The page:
The EVS 32 International Electric Vehicle Symposium & Exhibition
CME is presenting at the International Electric Vehicle Symposium (EVS32) & Exhibition, the leading international event to address issues around sustainable mobility with particular focus on lifestyle and economy changes.
The main themes of the symposium this year surround electrification, connectivity and driverless vehicles. The EVS considered to be the largest and oldest conference in the world on electric vehicles and how the technology will be used in future mobility.
The various components of electric mobility will be on display at the conference, from markets to vehicle battery technology (hybrid and hydrogen fuel cell - FCEV), motorcycles to trucks, and charging facilities to related services and public policy.
The shift towards electric vehicles and the adoption of renewable energy sources is a necessary step towards alleviating climate change. However, such measures impose significant challenges for the electricity supply network, which has to meet additional power demand whilst integrating increasing levels of intermittent energy sources.
An integrated energy system for the Eastcroft Depot in Nottingham, UK (CME City Pilot) has been modelled by Cenex (CME project partner) as part of the CleanMobilEnergy project. The model analyses the energy flows between the components of the system, including the existing buildings of the depot, three proposed PV installations, potentially forty electric vehicles with vehicle-to-grid capabilities and a stationary battery.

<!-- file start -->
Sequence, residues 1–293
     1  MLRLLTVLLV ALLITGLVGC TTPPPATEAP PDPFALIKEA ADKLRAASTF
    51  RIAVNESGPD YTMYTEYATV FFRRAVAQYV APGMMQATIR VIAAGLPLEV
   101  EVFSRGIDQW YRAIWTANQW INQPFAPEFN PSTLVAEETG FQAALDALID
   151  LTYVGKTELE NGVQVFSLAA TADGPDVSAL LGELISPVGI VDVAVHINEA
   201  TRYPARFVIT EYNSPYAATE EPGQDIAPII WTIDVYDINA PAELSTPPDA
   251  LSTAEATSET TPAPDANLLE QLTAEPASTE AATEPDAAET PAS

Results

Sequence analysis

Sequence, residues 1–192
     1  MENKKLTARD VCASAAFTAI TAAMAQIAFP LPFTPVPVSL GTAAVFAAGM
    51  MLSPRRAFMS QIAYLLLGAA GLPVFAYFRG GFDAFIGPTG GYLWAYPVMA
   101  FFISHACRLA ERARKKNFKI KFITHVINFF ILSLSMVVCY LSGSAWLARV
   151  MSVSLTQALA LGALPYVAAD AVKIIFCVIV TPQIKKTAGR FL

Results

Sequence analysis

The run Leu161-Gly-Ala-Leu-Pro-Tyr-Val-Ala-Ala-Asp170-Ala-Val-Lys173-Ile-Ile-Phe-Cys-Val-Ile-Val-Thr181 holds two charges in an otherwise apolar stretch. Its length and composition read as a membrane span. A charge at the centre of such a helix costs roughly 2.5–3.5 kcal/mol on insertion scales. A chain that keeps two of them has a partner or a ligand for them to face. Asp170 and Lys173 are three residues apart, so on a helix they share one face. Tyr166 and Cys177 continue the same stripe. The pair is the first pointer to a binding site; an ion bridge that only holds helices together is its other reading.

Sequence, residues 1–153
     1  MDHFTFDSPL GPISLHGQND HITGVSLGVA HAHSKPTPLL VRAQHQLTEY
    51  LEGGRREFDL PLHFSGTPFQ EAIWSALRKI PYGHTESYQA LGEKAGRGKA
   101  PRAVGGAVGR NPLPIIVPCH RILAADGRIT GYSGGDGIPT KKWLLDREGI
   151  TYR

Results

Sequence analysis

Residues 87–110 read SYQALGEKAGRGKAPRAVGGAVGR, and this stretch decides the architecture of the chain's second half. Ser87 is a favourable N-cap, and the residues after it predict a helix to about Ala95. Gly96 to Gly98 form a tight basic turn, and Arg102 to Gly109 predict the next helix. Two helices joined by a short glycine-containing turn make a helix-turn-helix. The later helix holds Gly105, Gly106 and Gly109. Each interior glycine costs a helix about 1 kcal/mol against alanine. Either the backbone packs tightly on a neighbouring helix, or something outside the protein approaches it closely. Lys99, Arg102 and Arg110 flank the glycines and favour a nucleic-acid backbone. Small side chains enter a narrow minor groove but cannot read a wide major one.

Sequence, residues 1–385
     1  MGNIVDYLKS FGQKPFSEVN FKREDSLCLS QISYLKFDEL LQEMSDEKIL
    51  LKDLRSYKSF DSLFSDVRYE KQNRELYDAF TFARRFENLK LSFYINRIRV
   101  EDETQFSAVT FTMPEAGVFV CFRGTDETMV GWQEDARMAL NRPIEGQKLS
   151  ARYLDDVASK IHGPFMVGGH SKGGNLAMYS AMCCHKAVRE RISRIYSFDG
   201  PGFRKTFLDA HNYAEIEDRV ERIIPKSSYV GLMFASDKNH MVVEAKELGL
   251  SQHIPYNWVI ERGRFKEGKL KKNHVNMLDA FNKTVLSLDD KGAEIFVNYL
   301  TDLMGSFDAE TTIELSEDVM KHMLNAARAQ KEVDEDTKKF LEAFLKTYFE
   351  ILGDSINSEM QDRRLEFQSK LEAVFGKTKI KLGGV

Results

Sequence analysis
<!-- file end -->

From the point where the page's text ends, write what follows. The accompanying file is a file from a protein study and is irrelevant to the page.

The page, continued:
The study was accepted for a lecture presentation by the EVS32 Scientific Programme Committee. A preliminary programme has been published and it is available on the EVS32 website.
Main findings of the study include:
- Development of a model to analyse the energy flows between the components of the Eastcroft Depot in Nottingham.
- EV charging is mostly compensated by the generation of the proposed PV installations; yet the peak power demand is increased by 80%.
- Smart charging is a beneficial approach for reducing peak power demand; some reduction in energy bills and CO2 emissions is possible.
- V2G and stationary battery can bring grid consumption to zero during the day; substantial economic benefits on energy bills and CO2 emissions are achieved; yet, the overnight peak power demand is increased significantly.